How to Pass a Degree Verification

Many employers will run a background check that verifies you actually have the degree that you claim to have earned.

A degree verification is often a part of a background check, usually for employment. Nowadays, it is expected that most potential employers will use a background check service, which will do a degree verification as part of the check. To avoid any potential embarrassment, it's useful to see what a potential employer may see from your record before you make claims on your resume.

Check to see if your school participates in a large clearinghouse. Many schools use large clearinghouses such as National Student Clearinghouse. Background check services also have accounts there, too, so they can do their job at a discount in bulk. They can retrieve degree and attendance information, but not grades or grade point averages. A verification only takes a few minutes. If your name and information fails to come up during this degree verification, this may lead to a series of embarrassing questions for you, if not an outright termination of employment.

If your school does not use a clearinghouse, the background check will involve getting a paper copy of your transcript directly from your school. This transcript will list dates of attendance, grades and degrees conferred. The background check service will not accept a transcript provided by you to do the degree verification, even if the envelope for the transcript looks sealed with a stamp -- the transcript must come to them directly from the school.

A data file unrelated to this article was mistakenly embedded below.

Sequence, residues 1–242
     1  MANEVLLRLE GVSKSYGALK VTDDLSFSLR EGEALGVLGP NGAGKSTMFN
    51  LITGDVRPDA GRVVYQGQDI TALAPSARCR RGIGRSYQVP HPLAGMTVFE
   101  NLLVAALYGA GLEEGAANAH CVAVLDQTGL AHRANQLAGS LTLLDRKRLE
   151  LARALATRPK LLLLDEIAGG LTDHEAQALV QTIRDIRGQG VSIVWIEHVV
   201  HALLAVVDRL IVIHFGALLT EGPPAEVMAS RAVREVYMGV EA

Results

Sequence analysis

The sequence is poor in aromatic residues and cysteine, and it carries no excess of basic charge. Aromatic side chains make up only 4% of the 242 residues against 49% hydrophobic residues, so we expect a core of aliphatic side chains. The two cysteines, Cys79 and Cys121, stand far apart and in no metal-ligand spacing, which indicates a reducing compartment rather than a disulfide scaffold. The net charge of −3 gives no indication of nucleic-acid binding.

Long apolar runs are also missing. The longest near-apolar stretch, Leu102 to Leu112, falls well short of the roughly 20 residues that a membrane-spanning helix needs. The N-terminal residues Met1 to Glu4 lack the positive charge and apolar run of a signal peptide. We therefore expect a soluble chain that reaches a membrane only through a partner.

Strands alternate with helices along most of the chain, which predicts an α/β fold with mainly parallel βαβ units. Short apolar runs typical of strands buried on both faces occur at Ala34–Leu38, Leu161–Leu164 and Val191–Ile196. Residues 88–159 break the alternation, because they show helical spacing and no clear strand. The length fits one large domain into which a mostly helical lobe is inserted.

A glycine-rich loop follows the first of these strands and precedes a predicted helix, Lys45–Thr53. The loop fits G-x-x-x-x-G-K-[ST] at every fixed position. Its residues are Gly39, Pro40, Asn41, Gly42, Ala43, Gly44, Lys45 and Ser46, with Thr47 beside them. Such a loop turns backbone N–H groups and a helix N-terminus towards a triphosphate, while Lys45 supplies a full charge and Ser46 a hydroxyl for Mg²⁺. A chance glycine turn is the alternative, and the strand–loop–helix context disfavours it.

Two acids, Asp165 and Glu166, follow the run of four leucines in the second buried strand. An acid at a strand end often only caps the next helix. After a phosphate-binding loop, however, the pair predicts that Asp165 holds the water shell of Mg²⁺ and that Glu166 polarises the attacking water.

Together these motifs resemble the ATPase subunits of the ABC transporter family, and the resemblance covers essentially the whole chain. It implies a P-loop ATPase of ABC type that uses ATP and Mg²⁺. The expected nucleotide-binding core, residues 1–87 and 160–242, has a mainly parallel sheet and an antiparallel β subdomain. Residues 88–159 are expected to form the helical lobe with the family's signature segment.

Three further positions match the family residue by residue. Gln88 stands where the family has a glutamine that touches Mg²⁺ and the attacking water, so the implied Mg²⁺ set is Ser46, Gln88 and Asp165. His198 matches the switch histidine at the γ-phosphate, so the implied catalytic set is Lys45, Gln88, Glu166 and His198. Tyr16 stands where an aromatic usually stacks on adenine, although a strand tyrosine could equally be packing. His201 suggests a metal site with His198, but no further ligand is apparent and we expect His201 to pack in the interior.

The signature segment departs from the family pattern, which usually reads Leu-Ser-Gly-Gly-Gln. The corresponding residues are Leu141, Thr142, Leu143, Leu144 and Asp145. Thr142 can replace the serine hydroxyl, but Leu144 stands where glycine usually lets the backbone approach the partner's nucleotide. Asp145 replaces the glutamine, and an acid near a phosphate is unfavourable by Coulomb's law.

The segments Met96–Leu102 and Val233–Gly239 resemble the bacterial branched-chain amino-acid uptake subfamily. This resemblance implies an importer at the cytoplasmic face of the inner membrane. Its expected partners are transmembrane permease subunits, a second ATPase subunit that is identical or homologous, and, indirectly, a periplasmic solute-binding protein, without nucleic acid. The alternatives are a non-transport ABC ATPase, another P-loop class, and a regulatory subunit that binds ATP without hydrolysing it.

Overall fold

If necessary, ask a potential employer if your school is acceptable for employment. Most services do not make a determination as to whether a school is accredited or not. That is a judgment left for the employer to decide. If your school has questionable accreditation, all they will do is pull a copy of your transcript from the school and tell your employer that the degree verification has been completed.

It is advisable to tell your employer of questionable accreditation if you think it may matter in the job interview process.

If you are still worried about how your educational background may be seen, order a degree verification yourself to see how it looks.

This article was created by a professional writer and edited by experienced copy editors, both qualified members of the Demand Media Studios community. All articles go through an editorial process that includes subject matter guidelines, plagiarism review, fact-checking, and other steps in an effort to provide reliable information.